Aside from the first five minutes, director Harmon Jones keeps the action of A Day of Fury confined to the backlot western town. While I’m in no doubt budgetary considerations played a big part in that decision, I think it works well on an artistic level too. Everything is contained within a series of tightly controlled locations, heightening the tension and dread that grows as the story progresses. Recently, Toby published a fascinating article in which he revealed that Dale Robertson viewed his character in the movie as an incarnation of the Devil. As I said earlier, the film does have a definite spiritual element running through it and Robertson’s reading of the role is in line with that. Personally, the notion of the movie as a religious allegory makes sense and works: the initial meeting in the desert-like surroundings between Burnett and the left-handed Jagade, and the subsequent temptations that are variously succumbed to, resisted, and overcome. If I had any criticism of this approach, it would only be that I think the final shot of the film arguably lays the symbolism on a little too heavy, and that the message had already been successfully imparted without it. To return to the point I made in my introduction, besides all the ideas and food for thought offered up, the filmmakers never lose sight of the primary goal of presenting an entertaining and well-told tale.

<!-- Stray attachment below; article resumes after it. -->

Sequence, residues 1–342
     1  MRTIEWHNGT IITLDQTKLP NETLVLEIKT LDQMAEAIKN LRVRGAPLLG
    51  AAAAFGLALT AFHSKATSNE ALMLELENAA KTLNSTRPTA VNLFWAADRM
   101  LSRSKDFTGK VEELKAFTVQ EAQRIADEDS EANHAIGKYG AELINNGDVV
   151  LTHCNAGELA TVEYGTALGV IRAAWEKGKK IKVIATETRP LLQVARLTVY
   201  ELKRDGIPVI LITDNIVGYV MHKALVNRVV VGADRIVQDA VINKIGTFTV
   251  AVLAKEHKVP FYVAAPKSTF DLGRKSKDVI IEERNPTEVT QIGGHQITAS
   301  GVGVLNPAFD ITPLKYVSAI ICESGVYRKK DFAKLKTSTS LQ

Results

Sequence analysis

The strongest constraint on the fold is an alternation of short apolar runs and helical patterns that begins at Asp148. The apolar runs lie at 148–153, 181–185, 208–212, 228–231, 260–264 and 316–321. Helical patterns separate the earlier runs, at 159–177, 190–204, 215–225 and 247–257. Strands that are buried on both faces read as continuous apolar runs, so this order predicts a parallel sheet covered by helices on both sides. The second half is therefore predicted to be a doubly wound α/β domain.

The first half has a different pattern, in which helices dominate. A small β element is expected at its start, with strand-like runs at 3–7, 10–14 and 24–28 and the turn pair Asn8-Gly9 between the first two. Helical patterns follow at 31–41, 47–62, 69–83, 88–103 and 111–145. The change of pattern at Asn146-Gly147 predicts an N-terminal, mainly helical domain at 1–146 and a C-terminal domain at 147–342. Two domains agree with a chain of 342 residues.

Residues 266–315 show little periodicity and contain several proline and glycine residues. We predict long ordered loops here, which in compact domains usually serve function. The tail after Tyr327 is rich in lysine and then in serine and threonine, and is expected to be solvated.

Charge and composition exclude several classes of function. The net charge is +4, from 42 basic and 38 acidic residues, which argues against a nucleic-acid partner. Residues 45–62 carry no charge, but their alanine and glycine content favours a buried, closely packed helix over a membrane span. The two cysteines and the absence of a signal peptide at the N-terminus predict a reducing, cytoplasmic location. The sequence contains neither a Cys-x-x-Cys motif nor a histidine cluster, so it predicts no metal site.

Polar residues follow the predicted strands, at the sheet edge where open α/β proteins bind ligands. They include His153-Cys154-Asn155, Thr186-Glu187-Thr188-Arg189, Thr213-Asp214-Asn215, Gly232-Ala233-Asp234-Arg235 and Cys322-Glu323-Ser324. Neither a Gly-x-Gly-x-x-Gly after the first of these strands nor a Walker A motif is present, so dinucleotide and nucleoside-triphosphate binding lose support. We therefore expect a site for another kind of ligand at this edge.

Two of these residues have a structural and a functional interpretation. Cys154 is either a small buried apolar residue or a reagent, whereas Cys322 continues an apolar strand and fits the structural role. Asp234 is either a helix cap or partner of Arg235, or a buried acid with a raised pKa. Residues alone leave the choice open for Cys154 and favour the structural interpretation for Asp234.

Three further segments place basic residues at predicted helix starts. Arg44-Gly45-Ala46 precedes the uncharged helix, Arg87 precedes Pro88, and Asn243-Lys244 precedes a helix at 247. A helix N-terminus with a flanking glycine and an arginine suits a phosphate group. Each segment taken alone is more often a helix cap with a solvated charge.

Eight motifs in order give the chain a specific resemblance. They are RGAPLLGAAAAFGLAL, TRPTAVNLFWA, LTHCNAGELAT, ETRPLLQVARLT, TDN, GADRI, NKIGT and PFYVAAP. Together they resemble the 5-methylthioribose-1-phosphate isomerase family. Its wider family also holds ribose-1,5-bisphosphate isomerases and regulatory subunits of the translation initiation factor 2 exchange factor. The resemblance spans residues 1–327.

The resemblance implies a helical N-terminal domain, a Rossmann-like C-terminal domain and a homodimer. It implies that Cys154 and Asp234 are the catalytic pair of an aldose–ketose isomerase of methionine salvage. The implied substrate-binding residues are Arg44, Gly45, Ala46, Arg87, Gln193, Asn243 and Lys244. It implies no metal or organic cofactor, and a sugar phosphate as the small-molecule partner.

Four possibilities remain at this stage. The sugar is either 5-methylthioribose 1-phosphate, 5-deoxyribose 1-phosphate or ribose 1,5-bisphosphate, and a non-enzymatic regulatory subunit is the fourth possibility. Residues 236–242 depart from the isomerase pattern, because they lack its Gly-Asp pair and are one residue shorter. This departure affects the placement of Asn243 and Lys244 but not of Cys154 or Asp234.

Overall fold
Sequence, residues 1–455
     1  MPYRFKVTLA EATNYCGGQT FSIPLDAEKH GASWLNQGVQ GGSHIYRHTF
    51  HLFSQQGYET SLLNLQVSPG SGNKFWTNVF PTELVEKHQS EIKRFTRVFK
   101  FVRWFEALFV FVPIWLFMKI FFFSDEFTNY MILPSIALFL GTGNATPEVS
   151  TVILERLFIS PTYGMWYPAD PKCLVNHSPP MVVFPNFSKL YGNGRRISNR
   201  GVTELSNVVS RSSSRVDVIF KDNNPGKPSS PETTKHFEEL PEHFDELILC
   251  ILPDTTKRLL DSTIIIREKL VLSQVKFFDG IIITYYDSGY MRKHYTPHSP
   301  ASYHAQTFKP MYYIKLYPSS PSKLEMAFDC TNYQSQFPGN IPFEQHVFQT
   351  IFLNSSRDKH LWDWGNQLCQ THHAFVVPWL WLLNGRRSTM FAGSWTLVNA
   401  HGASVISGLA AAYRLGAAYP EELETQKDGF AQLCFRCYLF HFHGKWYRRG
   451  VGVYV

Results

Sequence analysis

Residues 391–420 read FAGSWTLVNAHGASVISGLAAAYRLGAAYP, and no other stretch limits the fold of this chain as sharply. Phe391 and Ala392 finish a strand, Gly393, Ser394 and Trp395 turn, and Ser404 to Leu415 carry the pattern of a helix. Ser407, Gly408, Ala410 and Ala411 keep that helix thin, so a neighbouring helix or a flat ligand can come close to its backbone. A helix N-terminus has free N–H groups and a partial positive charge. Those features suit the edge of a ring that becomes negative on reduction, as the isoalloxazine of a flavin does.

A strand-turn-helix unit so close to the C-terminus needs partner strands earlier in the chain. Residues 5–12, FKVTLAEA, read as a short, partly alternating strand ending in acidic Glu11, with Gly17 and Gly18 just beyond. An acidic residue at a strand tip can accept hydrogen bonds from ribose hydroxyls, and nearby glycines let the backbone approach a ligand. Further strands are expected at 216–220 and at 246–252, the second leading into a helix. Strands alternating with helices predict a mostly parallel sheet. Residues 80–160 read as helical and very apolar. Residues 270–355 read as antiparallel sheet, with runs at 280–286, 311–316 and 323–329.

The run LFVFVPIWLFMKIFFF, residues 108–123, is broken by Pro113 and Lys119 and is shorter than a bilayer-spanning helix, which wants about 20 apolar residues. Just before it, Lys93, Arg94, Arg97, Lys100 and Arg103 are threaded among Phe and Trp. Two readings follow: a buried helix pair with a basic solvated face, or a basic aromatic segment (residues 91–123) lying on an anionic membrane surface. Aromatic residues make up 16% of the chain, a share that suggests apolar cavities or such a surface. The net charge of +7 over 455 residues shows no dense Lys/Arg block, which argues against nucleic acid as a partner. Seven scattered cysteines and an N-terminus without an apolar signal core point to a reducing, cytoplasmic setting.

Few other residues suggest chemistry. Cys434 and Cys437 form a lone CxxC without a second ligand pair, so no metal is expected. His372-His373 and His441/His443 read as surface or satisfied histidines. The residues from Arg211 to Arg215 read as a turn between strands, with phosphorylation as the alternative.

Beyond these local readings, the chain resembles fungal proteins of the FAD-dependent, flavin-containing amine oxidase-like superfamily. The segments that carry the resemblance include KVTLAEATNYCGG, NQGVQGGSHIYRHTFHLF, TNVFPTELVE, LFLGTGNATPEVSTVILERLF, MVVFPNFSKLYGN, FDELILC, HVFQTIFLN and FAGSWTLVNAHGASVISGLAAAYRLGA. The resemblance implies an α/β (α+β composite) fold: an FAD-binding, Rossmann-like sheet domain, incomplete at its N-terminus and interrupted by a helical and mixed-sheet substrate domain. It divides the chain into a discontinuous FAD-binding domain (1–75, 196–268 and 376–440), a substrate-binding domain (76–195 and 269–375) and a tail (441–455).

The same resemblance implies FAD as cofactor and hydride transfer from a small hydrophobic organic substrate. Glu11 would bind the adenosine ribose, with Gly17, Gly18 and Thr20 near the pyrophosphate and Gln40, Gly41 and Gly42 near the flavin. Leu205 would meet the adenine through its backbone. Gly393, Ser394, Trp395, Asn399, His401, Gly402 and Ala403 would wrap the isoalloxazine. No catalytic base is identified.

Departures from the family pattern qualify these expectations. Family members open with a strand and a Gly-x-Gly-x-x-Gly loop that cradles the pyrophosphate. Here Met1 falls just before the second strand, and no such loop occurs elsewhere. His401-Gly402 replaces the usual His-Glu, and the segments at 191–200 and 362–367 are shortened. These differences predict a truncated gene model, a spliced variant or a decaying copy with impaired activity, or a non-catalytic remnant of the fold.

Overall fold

A Day of Fury boasts a strong cast of western players. Dale Robertson’s Jagade is clearly the center of attention, the catalyst for all that takes place. And it’s a marvelously ambiguous part, a character who provokes and toys with those around him. The fact that it all works so well is partly down to the scripting of course, but Robertson’s skill cannot be discounted. There’s an air of authority about the man, a calm self-confidence, tinged too with a touch of distaste both for himself and the weakness all around him. In the opposite corner is Jock Mahoney, stoic, reserved and cool. One could say there’s a passivity to Mahoney’s playing here, but it’s a vital aspect of his character – the only serious rival to Robertson’s satanic influence and the solid rock to whom the town must ultimately turn. And lying somewhere between these two is John Dehner as the preacher. Always a welcome face as far as I’m concerned, Dehner represents the most easily identifiable figure in the town, a man who’s not above weakness but who is also able to recognize that fact and actively work to resist it. As for the others, Mara Corday has a showy part as the former saloon girl whose past returns to haunt her and threaten her future happiness. I thought her weary acceptance of the fragility of so-called respectability was very well realized. In support, Jan Merlin had a pivotal role as the fawning, rat-faced acolyte whose actions finally cause the tide to turn while Carl Benton Reid, James Bell and Howard Wendell all turn in small but noteworthy performances.